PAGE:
The stock fell for a second day, sliding as much as 10 percent, the most on a closing basis since at least Jan. 25, 2002, when Bloomberg started compiling the data. It traded 7 percent lower at 930.01 naira by 1:26 p.m. in Lagos, Nigeria’s commercial capital. About 1.7 times the three-month daily average volume of shares were traded. 

Nestle Nigeria’s shares jumped in May, pushing its relative-strength index above 70, an indication to some traders that the stock may be overbought. The level dropped to 35.6 Thursday as the shares’ decline over the past five trading days extended to 16 percent, the fourth-worst performer on the Nigerian Stock Exchange’s All Share Index. 

“There is a general selloff after the price rally,” Bunmi Asaolu, an analyst at Lagos-based FBN Capital, said today by phone. “Our target price for the stock is 852 naira, based on cash flow.” 

Nestle Nigeria said on May 3 net income for the three months through March declined to 5.99 billion naira ($37 million) from 6.2 billion naira a year earlier. Revenue rose to 30.7 billion naira from 28.7 billion naira, it said. 

The company’s shares rose 29 percent this year, in line with a 29 percent gain in the all-share gauge. 

Posted On Thursday, 13 June 2013 19:33 Written by

Nigerian banks’ ratio of non-performing loans to total credit plunged to 3.8 percent in April from 35 percent in November 2010 as bad debt was shifted to a government-sponsored agency, the central bank said.

The decline followed the takeover of 4.7 trillion naira ($29.7 billion) of poor-quality loans by the Asset Management Corp. of Nigeria, or Amcon, Central Bank of Nigeria Governor Lamido Sanusi said today at a conference in Lagos, the nation’s commercial capital.

Nigeria implemented new banking regulations following a debt crisis in 2008 and 2009. The central bank fired eight chief executives of the country’s 24 banks and created Amcon to buy lenders’ bad debts and stabilize the industry. Amcon spent 5.6 trillion naira in 2011 to acquire the non-performing loans, Chief Executive Officer Mustafa Chike-Obi said in December.

Nigerian banks have seen improvements in risk management and corporate governance following the changes, Sanusi said. Risks to the banking system include “rising flow of hot money into the financial system and terrorism,” he said.

Posted On Monday, 10 June 2013 13:02 Written by

SHAREHOLDERS of FBN Holdings Company (Holdco) Plc, on Friday, endorsed the company’s N33billion dividend, culminating to N1.00 per share due to every shareholders of the company for the 2012 financial year.

The shareholders who spoke at the 1st yearly general meeting of the company in Lagos recently commended the management for the efficient running of the affairs of the group, as well as repositioning it to profitability amid harsh economic environment.

The National Coordinator, Independent Shareholders’ Association of Nigeria, Sir. Sunny Nwosu who commended the management on the inaugural meeting submitted that with capital adequacy of the group which had exceeded regulatory requirement and the current balance sheet  which stood at N3 trillion, the future of the company was secured.

Nwosu, therefore, advised the company to ‘work’ on its savings by accessing cheap fund in order to enhance its operations.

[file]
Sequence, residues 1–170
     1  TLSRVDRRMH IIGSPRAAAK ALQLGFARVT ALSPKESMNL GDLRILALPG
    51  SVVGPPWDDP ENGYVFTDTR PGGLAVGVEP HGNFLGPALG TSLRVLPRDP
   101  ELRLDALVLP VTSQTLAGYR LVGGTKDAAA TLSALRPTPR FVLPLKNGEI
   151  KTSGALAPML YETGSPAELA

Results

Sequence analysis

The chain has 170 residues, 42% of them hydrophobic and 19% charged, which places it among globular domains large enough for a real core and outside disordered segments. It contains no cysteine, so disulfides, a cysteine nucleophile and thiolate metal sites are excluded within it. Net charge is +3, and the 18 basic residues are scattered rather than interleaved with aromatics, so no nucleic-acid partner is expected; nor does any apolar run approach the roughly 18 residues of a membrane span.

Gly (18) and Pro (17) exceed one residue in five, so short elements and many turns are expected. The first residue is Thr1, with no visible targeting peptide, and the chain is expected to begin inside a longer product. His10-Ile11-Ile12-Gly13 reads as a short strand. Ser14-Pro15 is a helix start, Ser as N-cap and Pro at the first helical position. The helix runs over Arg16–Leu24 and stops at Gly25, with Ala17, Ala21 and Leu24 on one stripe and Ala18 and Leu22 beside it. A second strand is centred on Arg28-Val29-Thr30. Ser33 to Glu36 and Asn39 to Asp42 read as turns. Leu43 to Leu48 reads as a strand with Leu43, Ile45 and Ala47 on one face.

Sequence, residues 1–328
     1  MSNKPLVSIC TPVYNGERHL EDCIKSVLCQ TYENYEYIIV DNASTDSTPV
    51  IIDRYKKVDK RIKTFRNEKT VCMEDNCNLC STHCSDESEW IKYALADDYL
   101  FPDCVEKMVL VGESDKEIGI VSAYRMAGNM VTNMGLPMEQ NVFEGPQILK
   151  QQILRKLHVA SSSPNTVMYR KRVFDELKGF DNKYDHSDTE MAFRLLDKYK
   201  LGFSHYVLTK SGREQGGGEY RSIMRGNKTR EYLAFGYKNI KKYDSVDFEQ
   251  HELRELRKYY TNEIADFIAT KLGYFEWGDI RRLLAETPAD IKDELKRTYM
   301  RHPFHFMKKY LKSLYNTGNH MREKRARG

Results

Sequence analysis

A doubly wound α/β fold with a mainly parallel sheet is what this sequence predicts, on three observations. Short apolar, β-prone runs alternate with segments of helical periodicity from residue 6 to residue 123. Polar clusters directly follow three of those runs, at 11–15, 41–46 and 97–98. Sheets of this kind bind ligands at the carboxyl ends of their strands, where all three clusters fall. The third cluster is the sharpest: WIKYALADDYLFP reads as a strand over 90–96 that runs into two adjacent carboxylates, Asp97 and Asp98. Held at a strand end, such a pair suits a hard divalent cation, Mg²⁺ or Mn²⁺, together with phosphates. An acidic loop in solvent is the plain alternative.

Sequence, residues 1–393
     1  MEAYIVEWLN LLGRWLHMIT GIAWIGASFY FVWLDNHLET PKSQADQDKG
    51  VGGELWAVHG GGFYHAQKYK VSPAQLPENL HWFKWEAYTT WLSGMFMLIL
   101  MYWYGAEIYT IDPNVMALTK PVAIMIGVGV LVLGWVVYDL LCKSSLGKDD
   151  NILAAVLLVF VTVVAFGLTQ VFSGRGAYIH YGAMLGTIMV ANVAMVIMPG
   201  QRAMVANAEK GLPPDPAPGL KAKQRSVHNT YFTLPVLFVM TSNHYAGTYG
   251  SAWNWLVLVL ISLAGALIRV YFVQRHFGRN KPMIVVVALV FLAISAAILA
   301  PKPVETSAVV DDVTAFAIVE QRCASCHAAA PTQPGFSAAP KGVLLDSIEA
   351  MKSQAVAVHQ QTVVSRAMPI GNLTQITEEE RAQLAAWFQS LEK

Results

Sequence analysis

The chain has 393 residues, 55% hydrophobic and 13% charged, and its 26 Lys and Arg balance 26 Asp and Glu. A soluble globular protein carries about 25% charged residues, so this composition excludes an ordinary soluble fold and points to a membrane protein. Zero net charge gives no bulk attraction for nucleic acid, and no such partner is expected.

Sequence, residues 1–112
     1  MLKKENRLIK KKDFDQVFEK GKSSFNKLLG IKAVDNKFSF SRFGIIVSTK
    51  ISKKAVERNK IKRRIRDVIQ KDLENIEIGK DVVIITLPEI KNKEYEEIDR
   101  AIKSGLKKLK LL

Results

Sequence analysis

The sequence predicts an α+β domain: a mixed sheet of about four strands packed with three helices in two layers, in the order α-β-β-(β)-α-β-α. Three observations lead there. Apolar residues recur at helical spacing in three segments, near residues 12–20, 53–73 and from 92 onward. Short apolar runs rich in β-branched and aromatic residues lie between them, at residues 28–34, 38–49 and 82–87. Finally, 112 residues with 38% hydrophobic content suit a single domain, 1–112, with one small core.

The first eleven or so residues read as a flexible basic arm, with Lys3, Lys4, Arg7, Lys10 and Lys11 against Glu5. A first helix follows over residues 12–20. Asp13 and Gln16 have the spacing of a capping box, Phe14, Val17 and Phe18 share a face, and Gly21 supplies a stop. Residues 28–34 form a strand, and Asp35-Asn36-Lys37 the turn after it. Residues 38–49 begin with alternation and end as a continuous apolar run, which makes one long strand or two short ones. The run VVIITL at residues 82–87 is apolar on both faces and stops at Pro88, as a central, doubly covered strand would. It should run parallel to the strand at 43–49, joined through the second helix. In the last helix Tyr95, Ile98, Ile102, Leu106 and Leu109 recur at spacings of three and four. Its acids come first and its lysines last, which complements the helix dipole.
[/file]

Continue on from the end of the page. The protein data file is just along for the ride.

He expressed the need for the company to plan ahead on the removal of Commissions on Transactions (COT) in the next two years, while urging them to ensure that the process involved in disposal of its assets would be done in a transparent manner.

The National Chairman, Progressive Shareholders’ Association of Nigeria, Mr. Boniface Okezie urged the company to consolidate on the performance by ensuring that all the subsidiaries contributed to the overall growth of the company.

“The awards received so far have shown that the bank and the company are doing well. I commend the board for transforming the bank especially in the area of service delivery and I urge you to sustain this aggressive banking to consolidate on the efforts.”

Responding, Chief Executive officer of FBN Holdings,  Bello Maccido said: “I am pleased to present the maiden results of FBN Holdings following its restructuring as a non- operational holding company with oversight of four major business groups; namely, commercial banking, investment banking and asset management, insurance and other financial services. During 2012, the group delivered robust results with a year-on-year increase in gross earnings of 31per cent, while profit after tax rose 306 per cent and the group delivered broad based improvement across all key ratios.

“Having now restructured the business, the focus is on consolidating the group’s leadership position in Nigeria, providing financial solutions to our customers across the entire value chain and growing our different business lines. Strong natural synergies and cross-selling opportunities exist across the group, and we are intensifying our efforts to facilitate the realisation of these synergies, crytallise cross selling opportunities and deepen the relationship with our customers.

“The solid retail platform in the commercial banking business gives us the ability to harness latent growth in our insurance and asset management businesses. We believe the approach of revenue maximisation, underscored by implementation of robust risk management practices, will enhance shareholder value in the medium to long term.”????

He explained that with FirstBank taking a leadership position in sub-saharan Africa, the group had put structures in place that would put other subsidiaries at the fore to contribute to the overall growth of the company.